“So when it comes to borrowing money for the sole purpose of investing, which is again a popular trend, the only time it makes sense to borrow money for an investment is when the return on investment of the loan is high and the risk level of the investment is low,” reiterated Wilson.
“Also, another risk is that if an investor takes out a loan it does not make sense to place the money in an investment that will mature after the loan is due. It is also important that the investor makes sure that the return on investment is greater than the cost of the loan.”
Lock up borrowed funds in savings or invest it instead?
There are plenty of benefits to saving your money in as fixed deposits (FDs) rather than investing it in the market. First, the dirham amount you save in a savings account won’t decrease over time. This is important because some goals need to happen regardless of whether investment prices are up or down.
“Saving rather than investing also allows you to reach your goal on time as long as you save the proper amount each month. Take the total you need to save and divide it by the number of months until you need to reach your goal to find the amount you need to save each month,” added Naish.
“Saving does have downsides though. Due to inflation, the money you save will decrease in value each year. If you earn interest, that interest may partially offset the negative effect of inflation. Unfortunately, interest rates rarely keep up with the rate of inflation.”
Both saving and investing the borrowed money has its risks
Moreover, if you’re only earning 5 per cent interest in a savings account but could earn an 7 per cent return investing, you’ll have to make up for that difference by investing some of the borrowed money (which was, as mentioned earlier, lent to you at 6 per cent) in order to reach your goal at the same time.
“Investing the borrowed money can be beneficial, too. Investing gives your money the potential to grow faster than it could in any savings account. If you have a long time until you need to meet your goal and willing to handle more risk, your returns will compound,” added Wilson.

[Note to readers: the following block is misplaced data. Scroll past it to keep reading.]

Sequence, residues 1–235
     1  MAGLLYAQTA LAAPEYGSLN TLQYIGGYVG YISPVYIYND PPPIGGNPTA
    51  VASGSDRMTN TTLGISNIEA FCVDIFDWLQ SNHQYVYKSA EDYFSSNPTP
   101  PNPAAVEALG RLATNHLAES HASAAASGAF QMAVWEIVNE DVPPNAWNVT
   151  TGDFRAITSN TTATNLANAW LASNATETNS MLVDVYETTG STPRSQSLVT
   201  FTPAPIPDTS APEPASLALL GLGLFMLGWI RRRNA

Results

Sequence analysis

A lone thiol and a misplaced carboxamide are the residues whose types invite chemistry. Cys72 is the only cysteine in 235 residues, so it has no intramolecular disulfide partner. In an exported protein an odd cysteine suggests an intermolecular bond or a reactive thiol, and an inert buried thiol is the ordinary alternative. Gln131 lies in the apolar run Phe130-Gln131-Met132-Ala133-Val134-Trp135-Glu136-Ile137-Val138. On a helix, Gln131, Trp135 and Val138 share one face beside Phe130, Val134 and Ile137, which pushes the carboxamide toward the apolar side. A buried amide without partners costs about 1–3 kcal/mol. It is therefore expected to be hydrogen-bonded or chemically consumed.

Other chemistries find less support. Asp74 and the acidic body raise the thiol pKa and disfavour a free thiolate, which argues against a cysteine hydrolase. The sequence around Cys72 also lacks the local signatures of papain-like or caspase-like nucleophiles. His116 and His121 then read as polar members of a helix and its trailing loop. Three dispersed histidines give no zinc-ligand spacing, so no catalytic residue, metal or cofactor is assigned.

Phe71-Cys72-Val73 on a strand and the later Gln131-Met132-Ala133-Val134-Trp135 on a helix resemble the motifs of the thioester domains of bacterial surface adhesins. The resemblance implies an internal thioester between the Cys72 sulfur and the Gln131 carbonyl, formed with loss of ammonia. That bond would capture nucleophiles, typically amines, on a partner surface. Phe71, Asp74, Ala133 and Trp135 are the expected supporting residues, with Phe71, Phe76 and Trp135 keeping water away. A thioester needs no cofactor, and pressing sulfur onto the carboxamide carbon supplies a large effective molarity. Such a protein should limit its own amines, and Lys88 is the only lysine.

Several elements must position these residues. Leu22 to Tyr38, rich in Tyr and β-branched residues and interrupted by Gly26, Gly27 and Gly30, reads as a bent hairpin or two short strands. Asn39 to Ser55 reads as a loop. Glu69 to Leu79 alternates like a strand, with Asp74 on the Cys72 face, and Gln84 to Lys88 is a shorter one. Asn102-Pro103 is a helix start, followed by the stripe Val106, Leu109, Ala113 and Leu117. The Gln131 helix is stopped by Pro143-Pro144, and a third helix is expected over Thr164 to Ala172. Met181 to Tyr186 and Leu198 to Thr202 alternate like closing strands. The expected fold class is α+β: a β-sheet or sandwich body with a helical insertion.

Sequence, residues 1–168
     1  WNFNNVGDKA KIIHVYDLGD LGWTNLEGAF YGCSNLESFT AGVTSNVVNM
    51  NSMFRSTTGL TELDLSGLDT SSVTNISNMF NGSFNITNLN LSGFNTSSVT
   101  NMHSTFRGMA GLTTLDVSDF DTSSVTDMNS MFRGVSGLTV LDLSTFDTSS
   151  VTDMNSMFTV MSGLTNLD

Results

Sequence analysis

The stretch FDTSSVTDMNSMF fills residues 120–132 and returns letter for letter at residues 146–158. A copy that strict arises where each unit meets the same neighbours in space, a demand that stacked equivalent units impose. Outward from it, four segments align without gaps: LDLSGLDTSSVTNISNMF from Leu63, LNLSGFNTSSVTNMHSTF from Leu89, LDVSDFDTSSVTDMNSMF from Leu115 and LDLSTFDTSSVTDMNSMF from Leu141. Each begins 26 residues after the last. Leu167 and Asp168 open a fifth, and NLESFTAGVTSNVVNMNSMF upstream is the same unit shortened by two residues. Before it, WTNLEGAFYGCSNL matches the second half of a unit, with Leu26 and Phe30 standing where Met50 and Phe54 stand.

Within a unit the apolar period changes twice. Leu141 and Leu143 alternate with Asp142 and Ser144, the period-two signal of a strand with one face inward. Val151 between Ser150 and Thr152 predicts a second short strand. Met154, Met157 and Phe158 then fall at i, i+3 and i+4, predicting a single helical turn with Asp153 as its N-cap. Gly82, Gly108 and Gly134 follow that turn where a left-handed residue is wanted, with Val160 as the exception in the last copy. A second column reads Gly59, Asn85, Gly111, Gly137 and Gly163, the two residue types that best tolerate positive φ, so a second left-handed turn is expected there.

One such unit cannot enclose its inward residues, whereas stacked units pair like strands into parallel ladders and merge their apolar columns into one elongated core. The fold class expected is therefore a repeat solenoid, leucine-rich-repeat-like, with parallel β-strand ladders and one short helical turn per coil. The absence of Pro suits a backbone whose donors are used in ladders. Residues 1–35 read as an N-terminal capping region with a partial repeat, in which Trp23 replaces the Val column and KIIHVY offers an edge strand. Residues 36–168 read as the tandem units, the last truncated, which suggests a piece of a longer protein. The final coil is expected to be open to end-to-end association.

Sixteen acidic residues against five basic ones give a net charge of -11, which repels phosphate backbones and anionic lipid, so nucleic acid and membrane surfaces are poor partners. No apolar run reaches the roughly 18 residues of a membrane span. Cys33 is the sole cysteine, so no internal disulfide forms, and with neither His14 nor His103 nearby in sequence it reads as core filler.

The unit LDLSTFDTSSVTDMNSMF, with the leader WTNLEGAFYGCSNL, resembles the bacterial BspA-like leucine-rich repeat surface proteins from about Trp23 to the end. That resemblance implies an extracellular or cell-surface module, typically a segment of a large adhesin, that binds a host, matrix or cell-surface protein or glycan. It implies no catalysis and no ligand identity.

“Basically, this means in addition to a higher rate of return on investments, your investment earnings will also earn money over time. The benefit of higher compounding returns is you won’t have to invest as much each month as you would need to save each month to reach your goal.”
However, like Naish, Wilson too cautioned that with investments, prices could go down and if this happens, you will have to either settle for an option that doesn’t cost as much, delay your goal until you can save more money or delay your goal until your investments increase in value.
The benefit of higher compounding returns is you won’t have to invest as much each month as you would need to save each month to reach your goal
While many still do make a profit on borrowed money, they do it by putting it at risk, such as using it to buy stocks or real estate. ‘Risk’ here means that you could lose some or all of it, too, and you would still have the loan to pay off. If instead you put the money in a low-risk FD, there are other risks to factor.
Let’s say, as an expat, you take a loan from my home country for 5 per cent and deposit it in a savings account for 8 per cent in another country’s bank. If you do the problem is the currency rate fluctuates widely. Let’s assume the currency rate of the country in which you deposit devalues by 3.5 per cent.
You will the get only 4 per cent interest equivalent in your home country if the currency value drops during the time your savings is deposited. If the depreciation exceeds, you will lose further, with lower interest income on your deposit, and higher interest cost on the loan in the home country.
Add to this, the interest income from the another country will be subjected to tax there, which will also depress the apparent attractiveness of the spread of higher interest on deposits in another country over lower interest on loan from home country.
Also, the reality is finding a low-risk high-return FD is pretty difficult, as banks make their profits on the difference between what they pay on savings and what they charge on loans. You would then have to find one bank that pays a lot more on savings than the first bank is charging on loans.
So everything comes down to risk. If you have a very low interest loan and a very high interest savings account then it might look like you can make a profit. However, your profits are also conditional on a number of unforeseeable factors like currency devaluations, tax and guaranteeing assured returns.